About Aerospace & Aeronautics
Japan’s aerospace industry has a strong international reputation, particularly in the field of research and development (R&D). Recently, however, it has shifted its focus from R&D to the commercialisation of space technology. The Basic Space Law, enacted in 2008, has paved the way for the development of Japan’s space industry. Demand for satellite technology is expected to increase in developing countries, and Japan is hoping to use this opportunity to develop an export market in satellites. Examples of Japanese innovations in this field include the Japanese H-II Transfer Vehicle (HTV) which supports the International Space Station (ISS). Japan hopes to play a more proactive role in the ISS programme, in particular in filling spaceflight gaps brought about by the retirement of the National Aeronautics and Space Administration (NASA) Space Shuttle.
The Japanese aeronautics sector is one of the largest in the world; however a need to increase competitiveness through international collaboration is being increasingly recognised by those in the industry. Although public sector involvement is primarily focused on the USA, European aeronautics companies are highly regarded in Japan. As a result, several successful partnerships between Japanese and European companies have taken place to date and many more opportunities remain for EU companies keen to engage in the Japanese market.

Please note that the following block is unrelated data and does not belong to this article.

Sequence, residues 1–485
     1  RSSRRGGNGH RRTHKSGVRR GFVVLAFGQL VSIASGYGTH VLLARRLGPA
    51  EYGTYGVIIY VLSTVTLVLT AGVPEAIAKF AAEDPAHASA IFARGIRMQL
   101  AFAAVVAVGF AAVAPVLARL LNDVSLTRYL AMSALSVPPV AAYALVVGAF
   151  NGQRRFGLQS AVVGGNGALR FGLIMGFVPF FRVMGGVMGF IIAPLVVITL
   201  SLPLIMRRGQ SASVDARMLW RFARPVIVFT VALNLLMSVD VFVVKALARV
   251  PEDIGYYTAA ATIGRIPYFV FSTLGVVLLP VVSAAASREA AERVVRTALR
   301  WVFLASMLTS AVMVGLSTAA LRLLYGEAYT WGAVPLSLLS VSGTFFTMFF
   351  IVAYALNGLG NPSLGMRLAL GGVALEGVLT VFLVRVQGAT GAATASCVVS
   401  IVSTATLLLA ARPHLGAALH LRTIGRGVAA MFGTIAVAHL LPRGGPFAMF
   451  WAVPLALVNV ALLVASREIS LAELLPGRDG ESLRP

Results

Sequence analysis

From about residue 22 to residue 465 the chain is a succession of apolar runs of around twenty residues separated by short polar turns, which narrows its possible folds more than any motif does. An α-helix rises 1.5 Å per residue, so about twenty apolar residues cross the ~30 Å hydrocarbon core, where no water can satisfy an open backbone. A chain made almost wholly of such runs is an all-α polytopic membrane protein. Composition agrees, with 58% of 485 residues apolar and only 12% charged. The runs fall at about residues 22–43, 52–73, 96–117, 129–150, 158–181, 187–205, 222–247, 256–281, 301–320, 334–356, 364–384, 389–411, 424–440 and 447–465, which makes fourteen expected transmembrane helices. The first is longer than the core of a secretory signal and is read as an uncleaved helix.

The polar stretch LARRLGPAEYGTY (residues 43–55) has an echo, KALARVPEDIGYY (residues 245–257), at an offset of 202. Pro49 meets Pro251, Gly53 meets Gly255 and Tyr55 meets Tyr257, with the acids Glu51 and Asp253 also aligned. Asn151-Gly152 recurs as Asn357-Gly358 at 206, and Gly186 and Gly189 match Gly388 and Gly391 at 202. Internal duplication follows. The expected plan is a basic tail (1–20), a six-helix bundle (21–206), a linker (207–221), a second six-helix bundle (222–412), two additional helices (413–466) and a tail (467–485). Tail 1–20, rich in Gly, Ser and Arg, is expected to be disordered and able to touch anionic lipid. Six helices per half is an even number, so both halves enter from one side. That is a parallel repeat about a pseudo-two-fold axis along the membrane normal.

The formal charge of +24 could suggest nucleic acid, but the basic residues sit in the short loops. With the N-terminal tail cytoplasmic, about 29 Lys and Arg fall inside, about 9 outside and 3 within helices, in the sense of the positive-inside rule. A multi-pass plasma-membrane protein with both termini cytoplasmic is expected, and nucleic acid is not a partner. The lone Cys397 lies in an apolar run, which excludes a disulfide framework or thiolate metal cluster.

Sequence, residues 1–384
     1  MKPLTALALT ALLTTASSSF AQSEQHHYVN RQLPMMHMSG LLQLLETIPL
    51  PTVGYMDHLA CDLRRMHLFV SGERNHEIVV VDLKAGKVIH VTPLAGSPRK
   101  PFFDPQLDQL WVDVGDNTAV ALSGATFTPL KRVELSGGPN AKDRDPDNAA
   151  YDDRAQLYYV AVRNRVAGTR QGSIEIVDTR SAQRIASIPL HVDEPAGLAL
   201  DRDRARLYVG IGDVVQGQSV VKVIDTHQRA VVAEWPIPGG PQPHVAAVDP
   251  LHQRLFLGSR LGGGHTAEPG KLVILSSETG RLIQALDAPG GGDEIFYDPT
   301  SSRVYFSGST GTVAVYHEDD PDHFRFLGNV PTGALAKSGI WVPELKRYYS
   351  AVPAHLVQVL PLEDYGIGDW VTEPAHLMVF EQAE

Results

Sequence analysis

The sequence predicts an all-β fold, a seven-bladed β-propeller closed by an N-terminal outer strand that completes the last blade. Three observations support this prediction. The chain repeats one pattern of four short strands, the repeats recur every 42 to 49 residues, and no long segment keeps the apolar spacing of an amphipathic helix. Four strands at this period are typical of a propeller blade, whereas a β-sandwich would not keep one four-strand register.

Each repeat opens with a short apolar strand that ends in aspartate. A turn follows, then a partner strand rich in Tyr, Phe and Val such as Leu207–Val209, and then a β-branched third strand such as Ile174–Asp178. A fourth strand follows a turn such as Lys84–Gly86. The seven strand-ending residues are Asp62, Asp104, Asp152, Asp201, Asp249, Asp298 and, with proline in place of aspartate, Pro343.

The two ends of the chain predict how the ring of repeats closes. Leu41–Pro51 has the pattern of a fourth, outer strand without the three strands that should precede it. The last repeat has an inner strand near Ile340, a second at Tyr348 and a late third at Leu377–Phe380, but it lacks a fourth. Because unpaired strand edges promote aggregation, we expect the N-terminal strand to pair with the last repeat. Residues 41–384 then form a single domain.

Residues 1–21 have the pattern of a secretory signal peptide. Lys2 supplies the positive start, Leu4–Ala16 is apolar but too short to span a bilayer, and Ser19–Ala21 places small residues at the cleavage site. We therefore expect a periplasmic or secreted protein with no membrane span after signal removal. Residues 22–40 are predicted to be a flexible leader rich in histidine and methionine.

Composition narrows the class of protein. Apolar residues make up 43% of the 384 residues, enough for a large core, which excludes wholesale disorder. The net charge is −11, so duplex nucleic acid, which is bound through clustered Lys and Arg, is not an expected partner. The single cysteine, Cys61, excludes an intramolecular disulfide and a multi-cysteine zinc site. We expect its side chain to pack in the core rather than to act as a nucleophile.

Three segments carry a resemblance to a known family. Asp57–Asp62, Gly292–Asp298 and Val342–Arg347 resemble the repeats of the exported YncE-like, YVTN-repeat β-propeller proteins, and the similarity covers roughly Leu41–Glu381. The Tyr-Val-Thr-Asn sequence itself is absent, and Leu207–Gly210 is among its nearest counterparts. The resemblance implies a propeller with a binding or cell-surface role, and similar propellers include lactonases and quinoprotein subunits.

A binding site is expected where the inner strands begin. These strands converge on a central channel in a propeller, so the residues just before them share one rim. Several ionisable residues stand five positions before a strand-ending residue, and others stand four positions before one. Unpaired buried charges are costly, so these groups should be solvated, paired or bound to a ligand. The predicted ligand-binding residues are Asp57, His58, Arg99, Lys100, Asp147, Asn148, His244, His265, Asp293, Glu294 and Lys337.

Japan’s aerospace industry is constantly developing and promoting its satellite systems, space development initiatives, transportation programmes and operations. As one of the largest users of helicopters, Japan develops and manufactures fuselages, engines and other aerospace components. The technologies used in fuselage and transmission production in Japan enjoy an outstanding international reputation. Foreign satellite manufacturers used to have the upper hand in the Japanese market. However, the success of the Japan-made “Superbird 7” satellite is a sign of the country’s improved competitiveness and progress. The main public agency responsible for this sector is JAXA (Japan Aerospace Exploration Agency).
Since the end of the Second World War, Japan’s aerospace and defence (A&D) industry has been significantly limited by restrictions on arms exports, which, in addition to prohibiting the sale of arms abroad, have also had the effect of hindering the integration of Japan’s defence and commercial aerospace sectors and preventing the country from developing a globally competitive defensive aerospace industry.
Reference: EU BUSINESS IN JAPAN